According to ribbon listings (which are not always reliable), this Canon S-16 portable electronic typewriter (made in Japan, circa 1986) is one in a series of four (S-13, S-14, S-15, S-16) portable electronic typewriters.
(I’ve yet to see an example of an S-13. If such a thing exists, I assume it’s identical to the S-14 but without 15 pitch.)
The S-16 has bells and whistles that the others don’t have.
An LCD display, for example, which, together with a Character mode/Display mode switch, and other display and memory-related keyboard shortcuts, differentiates it from the S-15, which appears to be otherwise identical …
SE-15 (above and below)
Dedicated Left and Right Margin keys, and Tab Set and Clear keys, set the S-16 and S-15 apart from the S-14, which only allows the margins and tabs to be set using a CODE key combination.
The S-16 is also smart enough to automatically raise the ribbon guide (ready for ribbon extraction) whenever you lift the lid. Again, the S-14 only allows the ribbon guide to be raised manually using a CODE key combination.
I know this because I have a Canon-S-14-Instruction-Guide (see PDF link below) but don’t have a guide for this Canon S-16.
A fully-featured, smart, portable electronic typewriter in executive grey. How can you possibly go wrong?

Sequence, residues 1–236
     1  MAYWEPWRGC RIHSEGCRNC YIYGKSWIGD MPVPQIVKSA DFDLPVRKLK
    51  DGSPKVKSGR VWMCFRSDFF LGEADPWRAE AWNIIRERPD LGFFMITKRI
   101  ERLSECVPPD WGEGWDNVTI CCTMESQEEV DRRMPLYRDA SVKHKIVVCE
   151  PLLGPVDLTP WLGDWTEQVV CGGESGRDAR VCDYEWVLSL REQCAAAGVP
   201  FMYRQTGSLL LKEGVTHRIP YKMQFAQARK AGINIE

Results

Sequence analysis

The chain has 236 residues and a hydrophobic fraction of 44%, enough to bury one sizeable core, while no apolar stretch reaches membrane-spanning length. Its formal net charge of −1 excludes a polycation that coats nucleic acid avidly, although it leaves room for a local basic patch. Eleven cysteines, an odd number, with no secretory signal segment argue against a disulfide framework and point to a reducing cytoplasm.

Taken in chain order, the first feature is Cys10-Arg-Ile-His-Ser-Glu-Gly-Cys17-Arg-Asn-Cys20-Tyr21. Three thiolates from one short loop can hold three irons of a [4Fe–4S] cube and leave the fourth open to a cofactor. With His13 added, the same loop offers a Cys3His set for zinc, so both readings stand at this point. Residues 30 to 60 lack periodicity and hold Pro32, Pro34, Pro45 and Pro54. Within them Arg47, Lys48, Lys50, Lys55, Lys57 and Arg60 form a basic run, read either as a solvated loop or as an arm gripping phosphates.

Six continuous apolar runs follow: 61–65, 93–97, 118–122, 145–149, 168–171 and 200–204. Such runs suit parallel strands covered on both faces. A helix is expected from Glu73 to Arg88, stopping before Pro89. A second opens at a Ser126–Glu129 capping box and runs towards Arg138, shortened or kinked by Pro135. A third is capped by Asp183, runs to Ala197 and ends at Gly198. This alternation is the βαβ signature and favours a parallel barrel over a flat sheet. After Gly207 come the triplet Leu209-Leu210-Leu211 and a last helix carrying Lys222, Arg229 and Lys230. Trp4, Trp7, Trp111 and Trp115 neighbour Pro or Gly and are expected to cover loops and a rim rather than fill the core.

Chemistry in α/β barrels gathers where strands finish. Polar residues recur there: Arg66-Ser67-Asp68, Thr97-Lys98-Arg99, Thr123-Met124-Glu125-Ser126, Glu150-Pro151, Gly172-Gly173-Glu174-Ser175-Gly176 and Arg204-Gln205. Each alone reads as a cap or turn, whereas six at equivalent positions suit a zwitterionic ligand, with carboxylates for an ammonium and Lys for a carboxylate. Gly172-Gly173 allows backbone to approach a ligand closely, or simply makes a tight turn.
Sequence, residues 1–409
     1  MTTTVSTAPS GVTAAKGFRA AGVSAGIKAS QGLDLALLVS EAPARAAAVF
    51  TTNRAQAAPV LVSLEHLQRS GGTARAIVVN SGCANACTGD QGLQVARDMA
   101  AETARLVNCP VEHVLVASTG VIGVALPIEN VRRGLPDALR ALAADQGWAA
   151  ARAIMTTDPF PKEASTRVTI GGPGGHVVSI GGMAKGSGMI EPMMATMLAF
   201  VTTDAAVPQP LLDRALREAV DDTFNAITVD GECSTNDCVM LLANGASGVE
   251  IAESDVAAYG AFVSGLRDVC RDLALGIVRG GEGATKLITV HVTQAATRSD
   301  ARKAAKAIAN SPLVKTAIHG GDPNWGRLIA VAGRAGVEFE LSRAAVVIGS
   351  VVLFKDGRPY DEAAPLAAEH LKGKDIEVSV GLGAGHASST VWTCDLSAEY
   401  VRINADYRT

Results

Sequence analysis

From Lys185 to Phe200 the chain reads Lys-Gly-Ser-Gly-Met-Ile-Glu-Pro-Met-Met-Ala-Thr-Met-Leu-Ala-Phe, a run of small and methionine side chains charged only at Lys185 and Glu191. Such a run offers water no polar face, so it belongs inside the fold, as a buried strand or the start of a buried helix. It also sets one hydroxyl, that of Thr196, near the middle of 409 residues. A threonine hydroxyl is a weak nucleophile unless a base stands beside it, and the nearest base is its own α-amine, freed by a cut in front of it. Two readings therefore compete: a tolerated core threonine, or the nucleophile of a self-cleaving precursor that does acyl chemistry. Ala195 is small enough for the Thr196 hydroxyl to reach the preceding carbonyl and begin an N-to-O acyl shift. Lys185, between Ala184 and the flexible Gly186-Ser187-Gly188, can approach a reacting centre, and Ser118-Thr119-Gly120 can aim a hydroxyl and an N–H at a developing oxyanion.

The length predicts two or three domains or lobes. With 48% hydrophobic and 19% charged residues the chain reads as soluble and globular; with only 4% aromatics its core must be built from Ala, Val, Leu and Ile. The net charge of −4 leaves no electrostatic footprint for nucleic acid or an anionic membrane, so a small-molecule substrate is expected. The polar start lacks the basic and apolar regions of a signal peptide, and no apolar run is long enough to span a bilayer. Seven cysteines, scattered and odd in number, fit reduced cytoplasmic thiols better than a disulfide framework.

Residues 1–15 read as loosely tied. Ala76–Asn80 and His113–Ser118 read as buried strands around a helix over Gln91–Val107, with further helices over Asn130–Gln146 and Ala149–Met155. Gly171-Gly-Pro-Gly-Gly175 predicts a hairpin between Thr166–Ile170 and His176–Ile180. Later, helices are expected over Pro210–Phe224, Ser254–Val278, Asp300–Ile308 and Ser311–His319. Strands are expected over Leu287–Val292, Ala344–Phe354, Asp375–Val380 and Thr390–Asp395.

Problem is, the S-16 typewriter has a lot of features you could do without. FOR ONE THING, the bulky power adapter …
Canon S-14 (above)
… which you’re probably going to need because the optional Canon NiCd Battery Pack-30 and charger (both of which I don’t have) are discontinued, and therefore no longer an option.
Likewise, if you don’t have the memory card (I think?) which slots into the front left-hand side of the S-16 is going to be hard to find (should you want one).
And, thanks to that big bulky power adapter, you’ll also need a big bulky case …
Which is a nice case, but when it boils down to it ….
Yep. It’s all too much for a typewriter that’s actually not that pleasant to type on.
The S-16 isn’t a patch on the much simpler, albeit slower (not that you’d notice) Brother AX-10 (I like to think of the latter as the electrical equivalent of a Lettera 32).
In the case of the AX-10 (you don’t need a case for it) there’s no need to raise the ribbon guide in the first place. The ribbon cassette is easily removed and snapped into place.
Furthermore, you can swap the print wheel without having to remove the ribbon cassette at all.
But don’t get me wrong: the Canon S-16’s not all bad. For instance it has a Calculator function.
Press a CODE + C key combination and the typewriter transforms itself into this …
Now that is impressive!